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15 January, 2016 - 09:32

Does Reed’s pleading state a cause of action? Concealed within this question is the nettlesome problem of the duty of disclosure of blemishes on real property which are not physical defects or legal impairments to use.

Numerous cases have found non-disclosure of physical defects and legal impediments to use of real property are material. [Citation] However, to our knowledge, no prior real estate sale case has faced an issue of non-disclosure of the kind presented here. Should this variety of ill-repute be required to be disclosed? Is this a circumstance where “non-disclosure of the fact amounts to a failure to act in good faith and in accordance with reasonable standards of fair dealing [?]” (Rest.2d Contracts, § 161, subd. (b).)

The paramount argument against an affirmative conclusion is it permits the camel’s nose of unrestrained irrationality admission to the tent. If such an “irrational” consideration is permitted as a basis of rescission the stability of all conveyances will be seriously undermined. Any fact that might disquiet the enjoyment of some segment of the buying public may be seized upon by a disgruntled purchaser to void a bargain. In our view, keeping this genie in the bottle is not as difficult a task as these arguments assume. We do not view a decision allowing Reed to survive a demurrer in these unusual circumstances as endorsing the materiality of facts predicating peripheral, insubstantial, or fancied harms.

The murder of innocents is highly unusual in its potential for so disturbing buyers they may be unable to reside in a home where it has occurred. This fact may foreseeably deprive a buyer of the intended use of the purchase. Murder is not such a common occurrence that buyers should be charged with anticipating and discovering this disquieting possibility. Accordingly, the fact is not one for which a duty of inquiry and discovery can sensibly be imposed upon the buyer.

Reed alleges the fact of the murders has a quantifiable effect on the market value of the premises. We cannot say this allegation is inherently wrong and, in the pleading posture of the case, we assume it to be true. If information known or accessible only to the seller has a significant and measureable effect on market value and, as is alleged here, the seller is aware of this effect, we see no principled basis for making the duty to disclose turn upon the character of the information. Physical usefulness is not and never has been the sole criterion of valuation. Stamp collections and gold speculation would be insane activities if utilitarian considerations were the sole measure of value.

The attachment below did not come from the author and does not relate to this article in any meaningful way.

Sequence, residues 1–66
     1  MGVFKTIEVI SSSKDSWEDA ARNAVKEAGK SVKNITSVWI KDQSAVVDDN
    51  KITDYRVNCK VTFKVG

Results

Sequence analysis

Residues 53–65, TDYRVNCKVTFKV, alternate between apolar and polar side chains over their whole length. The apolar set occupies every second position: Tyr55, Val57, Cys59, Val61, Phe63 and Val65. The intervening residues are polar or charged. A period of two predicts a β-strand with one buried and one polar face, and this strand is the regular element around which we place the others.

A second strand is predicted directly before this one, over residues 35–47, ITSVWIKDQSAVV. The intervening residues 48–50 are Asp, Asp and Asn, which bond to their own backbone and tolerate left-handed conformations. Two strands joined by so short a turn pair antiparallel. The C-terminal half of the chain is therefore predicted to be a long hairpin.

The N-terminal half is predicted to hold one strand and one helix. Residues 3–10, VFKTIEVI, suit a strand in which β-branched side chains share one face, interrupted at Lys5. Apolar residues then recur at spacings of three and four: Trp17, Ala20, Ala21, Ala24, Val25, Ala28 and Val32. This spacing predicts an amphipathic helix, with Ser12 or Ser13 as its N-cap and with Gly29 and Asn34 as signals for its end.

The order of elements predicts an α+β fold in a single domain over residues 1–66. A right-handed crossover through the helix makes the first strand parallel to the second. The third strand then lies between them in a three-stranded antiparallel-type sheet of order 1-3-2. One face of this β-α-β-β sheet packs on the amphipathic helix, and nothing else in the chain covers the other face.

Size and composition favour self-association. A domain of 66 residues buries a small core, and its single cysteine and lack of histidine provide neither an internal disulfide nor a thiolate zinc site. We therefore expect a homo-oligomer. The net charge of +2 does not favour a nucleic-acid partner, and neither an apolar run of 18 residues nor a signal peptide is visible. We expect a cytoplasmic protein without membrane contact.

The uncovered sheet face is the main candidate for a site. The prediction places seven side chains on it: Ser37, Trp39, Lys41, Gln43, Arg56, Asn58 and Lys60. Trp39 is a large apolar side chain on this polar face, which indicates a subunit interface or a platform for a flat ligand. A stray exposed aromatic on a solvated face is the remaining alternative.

Reputation and history can have a significant effect on the value of realty. “George Washington slept here” is worth something, however physically inconsequential that consideration may be. Ill-repute or “bad will” conversely may depress the value of property. Failure to disclose such a negative fact where it will have a forseeably depressing effect on income expected to be generated by a business is tortuous. [Citation] Some cases have held that unreasonablefears of the potential buying public that a gas or oil pipeline may rupture may depress the market value of land and entitle the owner to incremental compensation in eminent domain.

Whether Reed will be able to prove her allegation the decade-old multiple murder has a significant effect on market value we cannot determine. If she is able to do so by competent evidence she is entitled to a favorable ruling on the issues of materiality and duty to disclose. Her demonstration of objective tangible harm would still the concern that permitting her to go forward will open the floodgates to rescission on subjective and idiosyncratic grounds.…

The judgment is reversed.


  1. Why is it relevant that the plaintiff was “an elderly lady living alone”?
  2. How did Mrs. Reed find out about the gruesome fact here?
  3. Why did the defendants conceal the facts?
  4. What is the concern about opening “floodgates to rescission on subjective and idiosyncratic grounds”?
  5. Why did George Washington sleep in so many places during the Revolutionary War?
  6. Did Mrs. Reed get to rescind her contract and get out of the house as a result of this case?